Wednesday, May 28, 2014

The 10% Rule

I've read that 70% of lottery jackpot winners have spent all of the money in five years.  Five years.   Can you imagine someone winning a $300 million lottery price and being broke in five years?  It seems to be all too easy if 7 out of 10 people do it.

Whenever I come into some extra money, I have a 10% rule. 10% of it can be spent on what ever I want. No questions asked; no justifications. That 10% is pure fun money.

The remaining 90% though, has to be spent in a more practical manner. I've never won the lottery but I believe the same principle, if applied, would keep that 70% of people from being broke.

This rule lets me have some fun when I get unexpected money while still maintaining a control over my financial future.   In most cases, the extra money would go on the mortgage or into the car fund but maybe we will decide to refinish the floors or fix something instead.

The point is to look at the windfall with an eye to the future and not just blowing all of the money.

Whether you come into $300 or $300 million, you should first stop and think before spending a dime of it.  Alternately, you could take that 10% and have some fun and then settle down and take stock before going any further. Do not spend more than the 10% without having a plan!

Keep in mind, the government generally gets its share.  Plan to give the tax man 40%; plan on 10% for yourself. You now have 50% of the money gone; just like that.

If you have any debts, pay those first. Next, set up a nice retirement account for yourself. Preferably something that you absolutely can not take the money out of the account early.

If you take the yearly payments, do not borrow against future payments. Spend it only as you get it.

You probably will immediately think about buying a house and a car.  You may want to just buy the biggest house or most expensive car. Check if that is really what you want though. Does your family of four need a 10 bedroom house? Probably not. You will most likely be better off buying a nice 4 bedroom house in a nice neighborhood.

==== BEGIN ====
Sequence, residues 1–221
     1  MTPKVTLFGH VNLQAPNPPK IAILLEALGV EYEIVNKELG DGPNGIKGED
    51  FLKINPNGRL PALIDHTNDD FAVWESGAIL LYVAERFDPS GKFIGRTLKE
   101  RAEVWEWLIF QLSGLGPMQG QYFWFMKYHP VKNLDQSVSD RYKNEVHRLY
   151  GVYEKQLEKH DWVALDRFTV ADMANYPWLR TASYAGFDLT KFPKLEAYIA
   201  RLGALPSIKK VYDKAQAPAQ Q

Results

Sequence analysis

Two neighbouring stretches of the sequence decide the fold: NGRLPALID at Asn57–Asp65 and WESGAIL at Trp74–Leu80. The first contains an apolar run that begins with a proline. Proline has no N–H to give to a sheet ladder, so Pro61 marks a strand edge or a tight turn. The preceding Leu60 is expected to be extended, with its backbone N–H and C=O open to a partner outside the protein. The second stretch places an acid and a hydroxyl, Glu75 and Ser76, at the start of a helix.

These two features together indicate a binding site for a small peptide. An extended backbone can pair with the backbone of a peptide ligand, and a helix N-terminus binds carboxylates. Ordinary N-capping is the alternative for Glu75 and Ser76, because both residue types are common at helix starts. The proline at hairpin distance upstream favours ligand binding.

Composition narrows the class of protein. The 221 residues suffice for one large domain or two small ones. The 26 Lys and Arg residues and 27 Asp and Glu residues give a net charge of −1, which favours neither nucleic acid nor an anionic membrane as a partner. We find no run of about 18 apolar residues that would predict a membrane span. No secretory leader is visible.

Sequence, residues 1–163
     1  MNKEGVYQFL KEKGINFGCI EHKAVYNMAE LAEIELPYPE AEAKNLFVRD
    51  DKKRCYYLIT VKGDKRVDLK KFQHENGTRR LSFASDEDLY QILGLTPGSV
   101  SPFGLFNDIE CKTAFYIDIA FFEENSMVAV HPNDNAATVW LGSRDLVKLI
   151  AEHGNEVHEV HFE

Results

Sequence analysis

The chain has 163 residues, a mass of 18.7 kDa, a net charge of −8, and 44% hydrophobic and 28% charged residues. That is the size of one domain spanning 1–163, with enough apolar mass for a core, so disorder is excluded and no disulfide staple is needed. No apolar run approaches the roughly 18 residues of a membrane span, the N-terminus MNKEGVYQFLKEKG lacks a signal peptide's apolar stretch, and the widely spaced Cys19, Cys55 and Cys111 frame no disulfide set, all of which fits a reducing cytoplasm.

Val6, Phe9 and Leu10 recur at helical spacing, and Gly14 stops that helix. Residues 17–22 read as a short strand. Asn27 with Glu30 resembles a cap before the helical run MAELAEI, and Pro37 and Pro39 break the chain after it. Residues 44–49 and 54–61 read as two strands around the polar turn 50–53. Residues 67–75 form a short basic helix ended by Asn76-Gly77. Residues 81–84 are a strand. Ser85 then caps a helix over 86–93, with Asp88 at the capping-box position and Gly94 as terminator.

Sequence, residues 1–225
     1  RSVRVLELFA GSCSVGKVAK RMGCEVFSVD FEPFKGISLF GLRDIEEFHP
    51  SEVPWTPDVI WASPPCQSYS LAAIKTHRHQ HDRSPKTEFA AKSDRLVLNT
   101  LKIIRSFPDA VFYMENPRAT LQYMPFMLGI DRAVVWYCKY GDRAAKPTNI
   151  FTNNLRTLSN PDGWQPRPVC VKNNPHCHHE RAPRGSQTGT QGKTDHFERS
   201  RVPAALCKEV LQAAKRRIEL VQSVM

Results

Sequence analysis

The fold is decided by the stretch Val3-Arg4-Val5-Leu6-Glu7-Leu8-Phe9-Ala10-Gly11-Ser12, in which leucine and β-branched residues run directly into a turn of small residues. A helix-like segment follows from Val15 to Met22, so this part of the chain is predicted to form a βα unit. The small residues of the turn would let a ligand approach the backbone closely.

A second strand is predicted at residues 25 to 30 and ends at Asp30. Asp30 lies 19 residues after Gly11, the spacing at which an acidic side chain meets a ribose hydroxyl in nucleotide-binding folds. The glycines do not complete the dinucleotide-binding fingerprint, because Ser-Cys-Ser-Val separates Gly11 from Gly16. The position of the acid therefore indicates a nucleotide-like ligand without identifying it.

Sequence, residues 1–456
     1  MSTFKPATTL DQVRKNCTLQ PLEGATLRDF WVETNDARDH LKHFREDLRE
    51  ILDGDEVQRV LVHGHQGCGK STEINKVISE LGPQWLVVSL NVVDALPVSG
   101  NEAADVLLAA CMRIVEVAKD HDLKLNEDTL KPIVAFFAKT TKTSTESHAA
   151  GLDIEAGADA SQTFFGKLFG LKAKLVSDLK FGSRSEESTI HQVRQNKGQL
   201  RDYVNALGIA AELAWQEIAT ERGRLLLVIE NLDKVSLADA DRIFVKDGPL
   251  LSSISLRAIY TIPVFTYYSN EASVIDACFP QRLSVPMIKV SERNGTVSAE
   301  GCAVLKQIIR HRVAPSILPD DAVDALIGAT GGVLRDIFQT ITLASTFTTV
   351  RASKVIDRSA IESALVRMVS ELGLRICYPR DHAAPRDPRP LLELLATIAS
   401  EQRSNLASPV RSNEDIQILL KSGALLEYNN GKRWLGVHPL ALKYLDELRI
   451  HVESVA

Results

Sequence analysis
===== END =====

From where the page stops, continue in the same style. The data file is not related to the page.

Do not start giving money to anyone until you have set up your financial plan. If you win the lottery, you will immediately get calls from people you barely remember saying they need money. It is tempting to help them out and it would be a great thing to do for those in need but you need to get your own financial house in order first. There will be plenty of time to give money to charity.

Also, don't be surprised if people lie to you about needing the money because they think you now have plenty to share. 

Wednesday, May 21, 2014

Buy Some Art

Buy some art. I don't mean spend all of your money on Picasso paintings. I mean have something around you that is beautiful or thought provoking or makes you cry or scares you.  You get to decide what is beautiful; what makes you think.

Get it from flea markets or yard sales. Pick up sculptures or paintings at art schools.  Find things on Ebay or at Target. If you don't have the money, spend the time.  Only pick things that speak to you.

Do not try to pick based on what you think would look nice on the wall or table. Do not pick what is sophisticated or grown up. Hang a Star Trek collage on your wall or a Monet. As long as it speaks to you.

If you are artistic, make it yourself.

It is not about the cost of the item. I'm not talking about making an investment in your financial future. I am talking about making an investment in your soul.

Your soul needs beauty. It needs something that provokes a reaction. It needs to feel something.  Art is the best way to do that.

It can be one incredible piece that grabs you every time you see it or it can be a series of pieces. It can be something that sparks a story or a memory in your mind.

The Great Wave of Kanagawa by Hokusai is one of my favorites. I have a tribute painted by an artist I know upstairs right now.

I have a print of a Chinese landscape painting. I spent $5 on it at a yard sale and $20 to get it matted and framed. It hung on my bedroom door for years.  My husband's favorite painting is an oil that we bought already framed for $8 at a yard sale. 

Do not let money stop you from finding what speaks to you. If you have the money, spend it or don't but if you do not have much money, do not let that stop you from finding something that touches your heart and soul.

Wednesday, May 14, 2014

Your Home Insurance vs Acts Of God

There seems to be this ongoing myth that "acts of God" are not covered by your home insurance policy. This is not true. Acts of God are not automatically excluded from your policy.

Your home insurance policy either has a set list of things it will cover (also known as Basic or Broad coverage) or else it says it will cover everything that is not excluded (also known as Special.)